Cinema is always an inspiration for creative work. Not surprising when creative individuals have infused a movie with such aesthetic flair that it triggers ideas in the viewer. I was happy to catch two acclaimed movies over the festive holidays, both of which left an impression. Coincidentally both films have characters who work in department stores with brief glimpses of that world, in different time periods, and on opposite sides of the globe.
Carol is set in 1950s America and based on a book by Patricia Highsmith and follows a taboo relationship between a married mother and a younger sales clerk she meets in a department store. Carol (Cate Blanchett) is unusual in pursuing a romantic encounter despite the repressive climate in which she is expected to conform. Therese (Rooney Mara) is the younger beautiful store assistant who slowly falls under her spell in what is to become a complicated relationship.
Several of the meetings take place in the Manhattan department store with its almost quaint displays of dolls and train sets, with furtive glances and not so chance encounters. The opening scenes of winter night-time NY streets, with people hurrying around in hats and coats in dim light, almost make an Edward Hopper painting come to life. The wardrobe and styling of Carol is like stepping back to the golden age of Hollywood and will no doubt win another Oscar nomination for costume designer Sandy Powell.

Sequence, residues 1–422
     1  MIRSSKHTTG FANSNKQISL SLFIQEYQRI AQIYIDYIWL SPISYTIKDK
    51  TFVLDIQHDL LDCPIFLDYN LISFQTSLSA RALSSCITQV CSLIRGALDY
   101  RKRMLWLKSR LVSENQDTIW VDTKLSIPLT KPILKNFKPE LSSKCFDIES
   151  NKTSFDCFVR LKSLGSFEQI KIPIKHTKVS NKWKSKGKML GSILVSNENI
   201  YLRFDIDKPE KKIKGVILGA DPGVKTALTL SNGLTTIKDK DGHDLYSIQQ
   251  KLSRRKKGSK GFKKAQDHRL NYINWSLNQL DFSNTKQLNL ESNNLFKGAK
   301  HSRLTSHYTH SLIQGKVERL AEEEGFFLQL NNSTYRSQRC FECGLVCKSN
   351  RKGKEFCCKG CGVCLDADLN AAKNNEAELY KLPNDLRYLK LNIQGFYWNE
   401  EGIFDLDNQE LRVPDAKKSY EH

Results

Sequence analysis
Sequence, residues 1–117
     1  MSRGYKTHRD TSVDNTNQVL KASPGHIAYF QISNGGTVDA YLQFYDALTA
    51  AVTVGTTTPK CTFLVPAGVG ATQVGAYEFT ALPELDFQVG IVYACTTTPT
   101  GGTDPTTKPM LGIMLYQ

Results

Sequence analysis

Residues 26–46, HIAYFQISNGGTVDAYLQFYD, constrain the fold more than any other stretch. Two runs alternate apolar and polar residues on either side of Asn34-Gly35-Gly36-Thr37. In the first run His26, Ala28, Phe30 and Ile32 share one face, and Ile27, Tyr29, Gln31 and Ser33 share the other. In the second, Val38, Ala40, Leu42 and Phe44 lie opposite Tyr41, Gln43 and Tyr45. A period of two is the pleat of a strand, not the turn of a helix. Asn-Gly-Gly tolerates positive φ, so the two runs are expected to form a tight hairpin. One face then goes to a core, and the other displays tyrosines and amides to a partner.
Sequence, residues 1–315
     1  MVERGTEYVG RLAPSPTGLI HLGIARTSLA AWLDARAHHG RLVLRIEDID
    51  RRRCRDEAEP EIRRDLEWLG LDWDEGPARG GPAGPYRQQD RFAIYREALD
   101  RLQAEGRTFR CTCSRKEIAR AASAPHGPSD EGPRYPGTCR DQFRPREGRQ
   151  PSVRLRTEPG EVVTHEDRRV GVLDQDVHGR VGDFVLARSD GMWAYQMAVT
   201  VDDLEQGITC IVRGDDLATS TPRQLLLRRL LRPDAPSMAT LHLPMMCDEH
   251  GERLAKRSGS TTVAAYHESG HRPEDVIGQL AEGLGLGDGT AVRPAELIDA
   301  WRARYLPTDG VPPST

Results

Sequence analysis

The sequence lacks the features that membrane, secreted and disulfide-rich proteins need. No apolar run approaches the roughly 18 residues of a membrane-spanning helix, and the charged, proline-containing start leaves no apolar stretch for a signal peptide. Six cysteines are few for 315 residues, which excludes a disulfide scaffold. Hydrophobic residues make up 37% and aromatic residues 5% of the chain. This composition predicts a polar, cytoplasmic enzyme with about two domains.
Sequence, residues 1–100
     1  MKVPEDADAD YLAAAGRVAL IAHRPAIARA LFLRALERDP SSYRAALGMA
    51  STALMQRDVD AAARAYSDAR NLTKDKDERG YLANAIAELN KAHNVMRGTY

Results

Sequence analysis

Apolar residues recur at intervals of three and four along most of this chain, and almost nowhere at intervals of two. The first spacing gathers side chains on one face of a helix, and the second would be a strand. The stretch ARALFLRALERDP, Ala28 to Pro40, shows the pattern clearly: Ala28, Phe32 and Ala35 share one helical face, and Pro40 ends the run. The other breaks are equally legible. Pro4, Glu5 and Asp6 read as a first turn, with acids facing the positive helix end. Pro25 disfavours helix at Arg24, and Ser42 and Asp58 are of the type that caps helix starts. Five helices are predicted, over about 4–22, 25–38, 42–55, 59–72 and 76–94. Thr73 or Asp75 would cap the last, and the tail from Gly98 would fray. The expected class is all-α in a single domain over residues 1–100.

The awards nominations should also go to the two leads for turning in moving dramatic performances with Cate Blanchett and Rooney Mara already critics’ choices. Director Todd Haynes’s earlier movie Far From Heaven was a great drama about discrimination and Carol is a powerful survey of sexuality and women’s roles in a conservative era.
The Danish Girl, set in 1920 Copenhagen and Paris, tells the relatively unknown story of one the first attempted gender reassignment operations, in a time when medical science treated same-sex attraction as an illness, and gender dysphoria had never been identified.
Eddie Redmayne give another Oscar buzz performance as the vulnerable androgynous young Eigner Wegener/Lili Elbe married to Gerda (Alicia Vikander). Both talented artists and liberal thinkers, his sympathetic wife supports him as he explores the possibility of perhaps changing his gender. A brave and courageous story follows, in their quest to find a solution.
Again this movie is stunningly photographed, with the costumes and locations adding to the unfolding drama. Huge canvases, beautiful apartments and lush scenery capture the era and make you want to travel back in time to both cities.
Lili’s costumes in this image, remind you of the young thin white duke Bowie and one high-waisted suit which could have been designed by Freddie Burretti, as below.
The film also features a scene with Lili starting work at an elegant department store and being told about how working there is a performance, echoing the feeling no doubt of the best visual merchandisers, who enjoy lavish budgets to realize such retail theatre.